Fox News Channel’s Bill O’Reilly and CBS talkshow host David Letterman had a well-publicized showdown on Letterman’s program in January 2006, so it came as no surprise that their next face-to-face on October 27 would be similarly heated. After the interview aired, O’Reilly accused Letterman of dishonesty for saying O’Reilly had lied on his show, and challenged Letterman to produce the evidence.
O’Reilly took exception to Letterman’s crack about him (Late Night, 10/26/06): “The last time he was on the show, I caught him lying.” As O’Reilly retorted on his October 30 broadcast:
Since O’Reilly seems to need assistance finding his own deceptions, we’ll offer some.
In his January 3, 2006 Late Night appearance, O’Reilly made several false claims regarding his repeatedly voiced concern about the “war on Christmas”—what he called the “movement in this country by politically correct people to erode traditions, and the Christmas tradition is the most cherished in the country.”
Asked by Letterman: “I wasn’t aware that you couldn’t say ‘Christmas.’ When did this happen?” O’Reilly replied, “Sears, Kmart started it, said no more ‘Christmas.’ It’s all ‘happy holidays’ or ‘winter solstice.’”
In fact, while Sears and Kmart (which Sears owns) had favored the more inclusive “happy holidays” in their own advertising and in-store displays, they had not barred anyone from saying “Merry Christmas.” What’s more, by the time of O’Reilly’s accusation, the businesses had already capitulated to the demands of Christian right pressure groups. Declaring victory, the American Family Association announced on its website (AFA Online, 12/8/05): “Sears has started displaying ‘Merry Christmas’ signs in all their stores. ‘We think Sears has been very responsive,’ AFA’s Randy Sharp says. ‘I believe a lot of Americans will appreciate Sears going that extra step to make sure that “Christmas” stays part of our culture and that it stays in their advertising program.’” Given Sears’ reversal, O’Reilly’s anecdote serves better as evidence that you can’t not say “Christmas.”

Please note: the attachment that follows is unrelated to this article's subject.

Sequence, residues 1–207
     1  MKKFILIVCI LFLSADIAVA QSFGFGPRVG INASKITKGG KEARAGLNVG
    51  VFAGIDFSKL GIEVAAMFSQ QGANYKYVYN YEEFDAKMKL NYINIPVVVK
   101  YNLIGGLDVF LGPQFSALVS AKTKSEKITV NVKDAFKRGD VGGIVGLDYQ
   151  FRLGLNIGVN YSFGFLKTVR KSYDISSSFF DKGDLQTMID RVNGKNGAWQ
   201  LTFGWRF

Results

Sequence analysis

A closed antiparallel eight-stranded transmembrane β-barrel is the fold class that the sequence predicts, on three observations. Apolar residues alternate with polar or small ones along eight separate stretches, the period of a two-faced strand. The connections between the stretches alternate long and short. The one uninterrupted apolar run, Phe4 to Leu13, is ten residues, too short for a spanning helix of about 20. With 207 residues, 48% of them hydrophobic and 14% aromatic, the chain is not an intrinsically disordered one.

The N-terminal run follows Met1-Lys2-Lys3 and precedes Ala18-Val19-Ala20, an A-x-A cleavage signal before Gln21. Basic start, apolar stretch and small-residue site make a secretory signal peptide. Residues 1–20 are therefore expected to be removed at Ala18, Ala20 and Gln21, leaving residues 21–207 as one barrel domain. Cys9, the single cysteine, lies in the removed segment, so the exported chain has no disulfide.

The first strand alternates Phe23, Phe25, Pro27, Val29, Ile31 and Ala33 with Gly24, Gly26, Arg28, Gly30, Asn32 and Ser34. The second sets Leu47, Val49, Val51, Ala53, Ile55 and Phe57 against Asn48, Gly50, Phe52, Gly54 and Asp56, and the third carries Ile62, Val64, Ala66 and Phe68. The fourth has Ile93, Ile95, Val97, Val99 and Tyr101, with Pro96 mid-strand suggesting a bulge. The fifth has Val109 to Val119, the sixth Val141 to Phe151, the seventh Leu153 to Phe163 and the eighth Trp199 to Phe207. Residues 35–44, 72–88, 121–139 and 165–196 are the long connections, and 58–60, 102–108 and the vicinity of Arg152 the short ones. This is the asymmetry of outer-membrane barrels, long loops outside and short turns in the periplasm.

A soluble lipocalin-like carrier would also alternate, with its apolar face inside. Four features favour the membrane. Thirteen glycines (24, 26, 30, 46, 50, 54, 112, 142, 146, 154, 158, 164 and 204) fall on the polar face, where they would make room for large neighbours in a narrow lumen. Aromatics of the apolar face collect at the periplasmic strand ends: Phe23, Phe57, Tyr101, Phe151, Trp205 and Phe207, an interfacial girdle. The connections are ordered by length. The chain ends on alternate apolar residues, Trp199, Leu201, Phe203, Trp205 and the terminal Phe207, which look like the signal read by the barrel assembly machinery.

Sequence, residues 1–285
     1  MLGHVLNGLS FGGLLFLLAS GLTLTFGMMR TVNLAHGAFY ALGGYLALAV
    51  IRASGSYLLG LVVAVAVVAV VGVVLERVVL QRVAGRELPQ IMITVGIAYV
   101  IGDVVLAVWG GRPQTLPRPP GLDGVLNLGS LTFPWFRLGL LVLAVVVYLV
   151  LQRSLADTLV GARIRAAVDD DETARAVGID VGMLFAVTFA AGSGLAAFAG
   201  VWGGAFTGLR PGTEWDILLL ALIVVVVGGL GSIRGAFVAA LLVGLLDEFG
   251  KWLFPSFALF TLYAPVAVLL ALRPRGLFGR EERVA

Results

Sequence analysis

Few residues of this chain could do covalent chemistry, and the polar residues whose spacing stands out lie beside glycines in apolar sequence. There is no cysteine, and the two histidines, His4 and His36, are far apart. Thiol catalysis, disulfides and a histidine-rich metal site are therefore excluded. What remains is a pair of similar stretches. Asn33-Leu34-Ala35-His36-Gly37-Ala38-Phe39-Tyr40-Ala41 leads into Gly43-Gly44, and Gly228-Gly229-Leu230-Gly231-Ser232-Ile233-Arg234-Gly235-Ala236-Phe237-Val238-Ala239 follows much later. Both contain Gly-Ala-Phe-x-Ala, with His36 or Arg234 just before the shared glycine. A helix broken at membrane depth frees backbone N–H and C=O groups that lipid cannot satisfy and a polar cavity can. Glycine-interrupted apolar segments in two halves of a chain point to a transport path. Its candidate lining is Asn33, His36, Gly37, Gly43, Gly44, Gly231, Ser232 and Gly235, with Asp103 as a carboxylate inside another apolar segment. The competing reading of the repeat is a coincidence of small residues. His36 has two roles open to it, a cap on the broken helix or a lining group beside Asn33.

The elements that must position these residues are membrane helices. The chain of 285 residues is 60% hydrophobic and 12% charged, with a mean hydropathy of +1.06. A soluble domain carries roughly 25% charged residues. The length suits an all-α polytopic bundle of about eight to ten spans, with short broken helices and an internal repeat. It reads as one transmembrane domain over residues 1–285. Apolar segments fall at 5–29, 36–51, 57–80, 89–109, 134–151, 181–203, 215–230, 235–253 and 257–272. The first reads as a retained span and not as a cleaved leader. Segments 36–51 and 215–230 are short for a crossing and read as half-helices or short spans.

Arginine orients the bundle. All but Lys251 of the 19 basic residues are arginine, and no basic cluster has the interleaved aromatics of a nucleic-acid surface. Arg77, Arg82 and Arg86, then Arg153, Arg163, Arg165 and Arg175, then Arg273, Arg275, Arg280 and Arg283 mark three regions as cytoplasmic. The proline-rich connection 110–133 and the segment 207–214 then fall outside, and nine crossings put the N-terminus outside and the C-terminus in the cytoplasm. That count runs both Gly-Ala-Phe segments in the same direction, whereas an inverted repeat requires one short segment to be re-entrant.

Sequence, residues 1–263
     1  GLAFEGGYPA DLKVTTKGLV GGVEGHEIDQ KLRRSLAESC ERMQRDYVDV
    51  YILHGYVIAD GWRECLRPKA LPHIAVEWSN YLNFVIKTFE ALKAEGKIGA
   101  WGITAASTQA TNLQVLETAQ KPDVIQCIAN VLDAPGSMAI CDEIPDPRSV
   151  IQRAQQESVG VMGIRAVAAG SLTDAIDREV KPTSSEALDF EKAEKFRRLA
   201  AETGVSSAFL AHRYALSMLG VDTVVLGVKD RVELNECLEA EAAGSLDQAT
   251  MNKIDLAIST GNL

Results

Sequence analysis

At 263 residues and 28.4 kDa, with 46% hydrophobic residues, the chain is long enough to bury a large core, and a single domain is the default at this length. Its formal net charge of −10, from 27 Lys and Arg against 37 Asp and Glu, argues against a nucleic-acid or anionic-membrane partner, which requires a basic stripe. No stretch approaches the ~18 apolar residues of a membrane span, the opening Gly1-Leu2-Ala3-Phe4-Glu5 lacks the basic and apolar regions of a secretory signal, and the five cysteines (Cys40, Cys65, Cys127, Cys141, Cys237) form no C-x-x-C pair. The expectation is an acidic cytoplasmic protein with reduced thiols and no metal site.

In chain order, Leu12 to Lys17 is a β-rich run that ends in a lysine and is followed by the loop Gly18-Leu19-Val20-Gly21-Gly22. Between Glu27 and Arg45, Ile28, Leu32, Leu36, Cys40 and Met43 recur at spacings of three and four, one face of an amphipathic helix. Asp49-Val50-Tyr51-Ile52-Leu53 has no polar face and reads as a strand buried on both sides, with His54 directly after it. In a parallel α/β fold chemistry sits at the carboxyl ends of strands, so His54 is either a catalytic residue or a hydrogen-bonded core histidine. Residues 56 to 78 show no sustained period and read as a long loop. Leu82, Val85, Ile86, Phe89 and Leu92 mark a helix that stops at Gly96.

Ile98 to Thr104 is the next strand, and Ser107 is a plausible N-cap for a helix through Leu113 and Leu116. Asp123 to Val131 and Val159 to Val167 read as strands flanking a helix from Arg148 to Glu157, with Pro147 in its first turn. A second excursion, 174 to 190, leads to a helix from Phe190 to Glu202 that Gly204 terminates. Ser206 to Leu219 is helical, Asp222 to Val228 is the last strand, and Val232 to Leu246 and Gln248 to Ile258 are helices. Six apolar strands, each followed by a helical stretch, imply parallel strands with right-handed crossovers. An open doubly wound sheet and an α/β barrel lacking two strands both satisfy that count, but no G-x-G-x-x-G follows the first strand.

Another dubious example O’Reilly cited on the January 3 Letterman:
Was this really a school secularizing the celebration of Christmas? No. The school was staging, as it had for years (and as have dozens of churches), a performance of the play The Little Christmas Tree. The playwright, a Presbyterian minister, used the familiar tune of “Silent Night” for a song sung from the point of view of a Christmas tree. As the playwright told the Washington Post (12/20/05): “I’m just flabbergasted. I’m a choir director in a church. . . . Removing it from the Christian tradition was something I never thought anyone could ever come up with.”
These distortions, however, did not prevent O’Reilly from introducing more misleading information during his October appearance on Letterman (10/27/06). O’Reilly responded to Letterman’s question about the decision to invade Iraq—“Why didn’t we stay in Afghanistan?”—by trying to link Saddam Hussein and Al-Qaeda, declaring: “Ansar al-Islam was the Al-Qaeda affiliate in Northern Iraq who tried to poison the British water supply with ricin. They operated with Saddam Hussein’s okay.”
No aspect of O’Reilly’s claim stands up to scrutiny. Even Secretary of State Colin Powell, in his pre-war address to the United Nations (2/5/03), noted that Ansar al-Islam operated beyond Hussein’s reach in the Kurdish-controlled north of Iraq. And a report by the Republican-led Senate Select Committee on Intelligence (9/8/06) cited a Defense Intelligence Agency report stating that “the group’s presence was considered a threat to the [Saddam Hussein] regime and the Iraqi government attempted intelligence collection operations against them. . . . Information from senior Ansar al-Islam detainees revealed that the group viewed Saddam’s regime as apostate, and denied any relationship with it.”
The DIA report also made it clear that Ansar al-Islam was not an Al-Qaeda affiliate, calling it “an independent organization that receives assistance from al-Qaeda, but is not a branch of the group.” As for the ricin plot, anonymous government officials linked the alleged threat to Iraq, but presented no evidence to substantiate it (AP, 1/16/03).
Now that O’Reilly’s falsehoods have been pointed out, will he be “man enough” to apologize?